Question: 7:18 begins “Who is like God?” a question that is valid in so many areas (God’s power, righteousness, wisdom, etc) but what is the topic in this verse? Micah makes a great point, but isn’t it true that WE should be like God in this area?
Today’s Reading: Micah 3, 4, 5
Highlights: Micah’s prophecy continues. Chapter 3 continues the condemnation, especially aimed at the rulers and heads (think kings and priests) of the nation who had led the nation astray. Verse 11 says they were motivated by money and were deluded in thinking God was with them. Verse 12 says again that judgment is coming.
Chapters 4 and 5 revive the idea of hope and God’s mercy. The coming enemy (Assyria) will be destroyed. Chapter 4 foresees a glorious time in the future, the “latter days”, when the God’s people will have peace. Chapter 5:2 says a ruler will come from Bethlehem, but actually His “goings forth are from old, from everlasting”. We know this refers to Jesus!
Consider that Micah 4:1-7 is a Messianic prophecy describing the salvation that God will provide through Jesus – the “church age”. What parts the prophecy seem to fit this interpretation? What parts are difficult to apply to the church?
Today’s Text: Micah 1, 2
Highlights: Today we begin a few days in the Old Testament book of Micah. The book concerns “Samaria and Jerusalem” (1:1) so it applies to both nations. The Lord is coming (1:3) to judge sin (1:5). “I will make Samaria a a heap of ruins” (1:6). The dreadful Assyrians will fulfill this prophesy and end the northern kingdom in just a few years. Chapter 2 begins “woe to those who devise iniquity and work out evil on their beds”.
One of the reasons we study these accounts is that human nature doesn’t change. People who are being corrected often reject the ones who point out their sin. The New Testament tells of a time when men will “no longer endure sound teaching” and “having itching ears turn their ears away from the truth” (2 Timothy 4:3-4). In Micah 2:6 they said “do not prophesy” or “do not preach”. “Quit your preaching” one translation says. What does he say in verse 7 that should help anyone, ourselves included, gladly submit to God’s word?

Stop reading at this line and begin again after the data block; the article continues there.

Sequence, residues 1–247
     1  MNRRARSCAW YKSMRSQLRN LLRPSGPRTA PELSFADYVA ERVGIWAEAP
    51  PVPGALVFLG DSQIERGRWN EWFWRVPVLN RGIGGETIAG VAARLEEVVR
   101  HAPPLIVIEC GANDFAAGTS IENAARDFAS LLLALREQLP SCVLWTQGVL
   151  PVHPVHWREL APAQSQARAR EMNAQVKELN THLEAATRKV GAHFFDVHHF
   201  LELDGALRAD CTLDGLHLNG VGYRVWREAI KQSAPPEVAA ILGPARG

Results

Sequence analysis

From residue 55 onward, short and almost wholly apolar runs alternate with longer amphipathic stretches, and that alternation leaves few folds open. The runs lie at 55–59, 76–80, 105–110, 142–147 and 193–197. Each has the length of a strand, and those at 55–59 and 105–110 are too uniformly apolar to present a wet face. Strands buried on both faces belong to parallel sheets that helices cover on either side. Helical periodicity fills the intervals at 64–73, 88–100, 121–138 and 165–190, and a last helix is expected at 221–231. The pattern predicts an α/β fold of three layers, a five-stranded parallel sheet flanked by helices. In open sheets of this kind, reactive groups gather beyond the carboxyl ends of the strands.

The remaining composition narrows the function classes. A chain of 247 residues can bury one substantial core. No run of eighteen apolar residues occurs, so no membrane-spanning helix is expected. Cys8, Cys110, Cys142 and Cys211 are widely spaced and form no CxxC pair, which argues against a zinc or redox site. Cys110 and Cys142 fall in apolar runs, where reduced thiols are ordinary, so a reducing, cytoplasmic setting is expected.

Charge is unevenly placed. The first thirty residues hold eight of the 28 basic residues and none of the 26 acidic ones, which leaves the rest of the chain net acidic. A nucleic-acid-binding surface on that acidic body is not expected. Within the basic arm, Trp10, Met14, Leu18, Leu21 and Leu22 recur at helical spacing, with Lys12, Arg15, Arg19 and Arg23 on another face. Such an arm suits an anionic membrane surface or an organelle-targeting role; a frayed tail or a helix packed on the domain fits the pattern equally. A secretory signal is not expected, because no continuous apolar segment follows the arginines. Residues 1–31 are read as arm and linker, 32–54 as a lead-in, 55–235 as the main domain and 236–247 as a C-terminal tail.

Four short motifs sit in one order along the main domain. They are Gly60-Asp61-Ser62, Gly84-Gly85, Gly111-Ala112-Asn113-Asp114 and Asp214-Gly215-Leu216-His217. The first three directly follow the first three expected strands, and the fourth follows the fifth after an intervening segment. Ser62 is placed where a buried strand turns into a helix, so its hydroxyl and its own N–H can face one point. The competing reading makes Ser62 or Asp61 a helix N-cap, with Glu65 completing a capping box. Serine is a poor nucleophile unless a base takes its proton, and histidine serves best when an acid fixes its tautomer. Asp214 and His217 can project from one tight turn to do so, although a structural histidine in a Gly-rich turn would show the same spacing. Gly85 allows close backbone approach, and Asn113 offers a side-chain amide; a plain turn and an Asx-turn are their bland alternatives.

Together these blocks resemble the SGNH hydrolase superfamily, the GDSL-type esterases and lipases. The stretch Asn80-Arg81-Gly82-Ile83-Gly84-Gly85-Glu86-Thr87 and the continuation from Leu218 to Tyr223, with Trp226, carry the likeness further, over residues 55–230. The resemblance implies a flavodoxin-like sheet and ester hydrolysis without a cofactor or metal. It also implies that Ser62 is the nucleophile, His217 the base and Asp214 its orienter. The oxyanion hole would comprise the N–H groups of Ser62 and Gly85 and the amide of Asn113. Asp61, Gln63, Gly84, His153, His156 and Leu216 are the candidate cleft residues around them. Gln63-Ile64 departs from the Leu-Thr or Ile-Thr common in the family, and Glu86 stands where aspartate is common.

Today’s Texts: Isaiah 5:24-30, 1:27-31, 2:19-3:7, 1:18-20, 4:2-6, 2:1-5, 2 Kings 15:19-33, Isa 6:1-13, 2 Chron 26:22-23, 2 Chron.27:1-6.
Highlights: These early sections in Isaiah continue to describe the sinfulness of Judah and how God is going to raise up “nations from afar” to punish them.
There is also much hope: “Though your sins are as scarlet they can be as white as snow – if you are willing and obedient.” (1:18-19). The beginning of chapters 2 and 4 picture a great and glorious time of peace for God’s people which is difficult to imagine given the current state of affairs.
The readings close with some historical information – changes of regime in the Northern Kingdom as the Assyrians begin to subdue Israel. In the South, Uzziah dies and his son Jotham, a good king, begins to reign
The vision of Isaiah’s call (Chapter 6) contains an interesting statement: “Go, and tell this people: ‘Keep on hearing, but do not understand; Keep on seeing, but do not perceive.’ “Make the heart of this people dull, And their ears heavy, And shut their eyes; Lest they see with their eyes, And hear with their ears, And understand with their heart, And return and be healed.” (Isaiah 6:9-10).